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Am J Hum Genet. 2010 Sep 10;87(3):424-9. doi: 10.1016/j.ajhg.2010.08.009.

Dominant mutations in RP1L1 are responsible for occult macular dystrophy.

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  • 1National Institute of Sensory Organs, National Hospital Organization Tokyo Medical Center, Meguro-ku, Japan.


Occult macular dystrophy (OMD) is an inherited macular dystrophy characterized by progressive loss of macular function but normal ophthalmoscopic appearance. Typical OMD is characterized by a central cone dysfunction leading to a loss of vision despite normal ophthalmoscopic appearance, normal fluorescein angiography, and normal full-field electroretinogram (ERGs), but the amplitudes of the focal macular ERGs and multifocal ERGs are significantly reduced at the central retina. Linkage analysis of two OMD families was performed by the SNP High Throughput Linkage analysis system (SNP HiTLink), localizing the disease locus to chromosome 8p22-p23. Among the 128 genes in the linkage region, 22 genes were expressed in the retina, and four candidate genes were selected. No mutations were found in the first three candidate genes, methionine sulfoxide reductase A (MSRA), GATA binding 4 (GATA4), and pericentriolar material 1 (PCM1). However, amino acid substitution of p.Arg45Trp in retinitis pigmentosa 1-like 1 (RP1L1) was found in three OMD families and p.Trp960Arg in a remaining OMD family. These two mutations were detected in all affected individuals but in none of the 876 controls. Immunohistochemistry of RP1L1 in the retina section of cynomolgus monkey revealed expression in the rod and cone photoreceptor, supporting a role of RP1L1 in the photoreceptors that, when disrupted by mutation, leads to OMD. Identification of RP1L1 mutations as causative for OMD has potentially broader implications for understanding the differential cone photoreceptor functions in the fovea and the peripheral retina.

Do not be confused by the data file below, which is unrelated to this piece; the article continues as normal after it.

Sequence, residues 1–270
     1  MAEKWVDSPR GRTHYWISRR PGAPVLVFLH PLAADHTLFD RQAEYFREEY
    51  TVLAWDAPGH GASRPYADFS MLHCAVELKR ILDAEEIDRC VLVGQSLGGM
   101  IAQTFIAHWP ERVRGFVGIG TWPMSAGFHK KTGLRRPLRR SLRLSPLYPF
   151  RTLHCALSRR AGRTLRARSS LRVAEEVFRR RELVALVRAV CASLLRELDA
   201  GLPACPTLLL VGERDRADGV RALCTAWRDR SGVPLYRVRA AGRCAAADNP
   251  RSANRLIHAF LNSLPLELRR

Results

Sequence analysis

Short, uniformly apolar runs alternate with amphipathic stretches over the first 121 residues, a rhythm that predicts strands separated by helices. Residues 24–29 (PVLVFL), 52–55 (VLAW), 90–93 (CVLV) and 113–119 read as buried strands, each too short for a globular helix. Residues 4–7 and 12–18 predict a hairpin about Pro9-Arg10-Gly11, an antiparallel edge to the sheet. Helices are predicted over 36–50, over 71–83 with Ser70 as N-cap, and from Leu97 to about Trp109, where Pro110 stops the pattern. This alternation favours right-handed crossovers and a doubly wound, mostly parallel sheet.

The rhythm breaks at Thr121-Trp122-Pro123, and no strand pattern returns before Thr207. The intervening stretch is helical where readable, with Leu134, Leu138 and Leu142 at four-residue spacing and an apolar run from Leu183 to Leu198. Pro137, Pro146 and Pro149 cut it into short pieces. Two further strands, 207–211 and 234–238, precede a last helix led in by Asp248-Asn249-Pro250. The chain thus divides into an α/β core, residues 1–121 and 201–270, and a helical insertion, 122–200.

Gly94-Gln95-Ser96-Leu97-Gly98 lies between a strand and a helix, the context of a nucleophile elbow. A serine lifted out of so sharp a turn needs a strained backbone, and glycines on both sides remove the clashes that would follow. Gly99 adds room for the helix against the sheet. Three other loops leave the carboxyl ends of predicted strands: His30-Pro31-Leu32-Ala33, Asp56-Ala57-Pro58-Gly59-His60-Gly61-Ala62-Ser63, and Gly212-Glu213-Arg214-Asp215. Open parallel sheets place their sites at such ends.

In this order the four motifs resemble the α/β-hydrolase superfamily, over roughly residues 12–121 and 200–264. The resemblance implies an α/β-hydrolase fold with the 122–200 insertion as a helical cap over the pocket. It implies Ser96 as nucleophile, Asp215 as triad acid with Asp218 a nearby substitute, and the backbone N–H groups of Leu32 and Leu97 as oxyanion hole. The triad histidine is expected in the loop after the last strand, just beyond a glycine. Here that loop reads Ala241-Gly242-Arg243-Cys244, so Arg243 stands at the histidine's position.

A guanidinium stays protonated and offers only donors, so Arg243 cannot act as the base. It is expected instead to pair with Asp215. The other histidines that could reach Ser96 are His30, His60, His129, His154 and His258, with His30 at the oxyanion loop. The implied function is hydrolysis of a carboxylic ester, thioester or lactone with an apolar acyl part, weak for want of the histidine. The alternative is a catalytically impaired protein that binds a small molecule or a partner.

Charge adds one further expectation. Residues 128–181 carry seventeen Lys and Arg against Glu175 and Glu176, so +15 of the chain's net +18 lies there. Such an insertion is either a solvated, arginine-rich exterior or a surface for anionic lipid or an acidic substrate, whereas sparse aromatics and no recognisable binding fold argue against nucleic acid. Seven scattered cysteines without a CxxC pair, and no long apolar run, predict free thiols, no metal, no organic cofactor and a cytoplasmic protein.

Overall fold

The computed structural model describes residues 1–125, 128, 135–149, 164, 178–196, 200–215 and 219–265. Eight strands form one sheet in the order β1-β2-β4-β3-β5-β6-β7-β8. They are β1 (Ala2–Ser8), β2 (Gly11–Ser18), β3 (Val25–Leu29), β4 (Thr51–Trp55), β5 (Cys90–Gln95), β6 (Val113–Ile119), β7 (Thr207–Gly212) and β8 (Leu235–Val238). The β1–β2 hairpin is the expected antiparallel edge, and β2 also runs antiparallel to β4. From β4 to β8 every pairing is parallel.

2010 The American Society of Human Genetics. Published by Elsevier Inc. All rights reserved.

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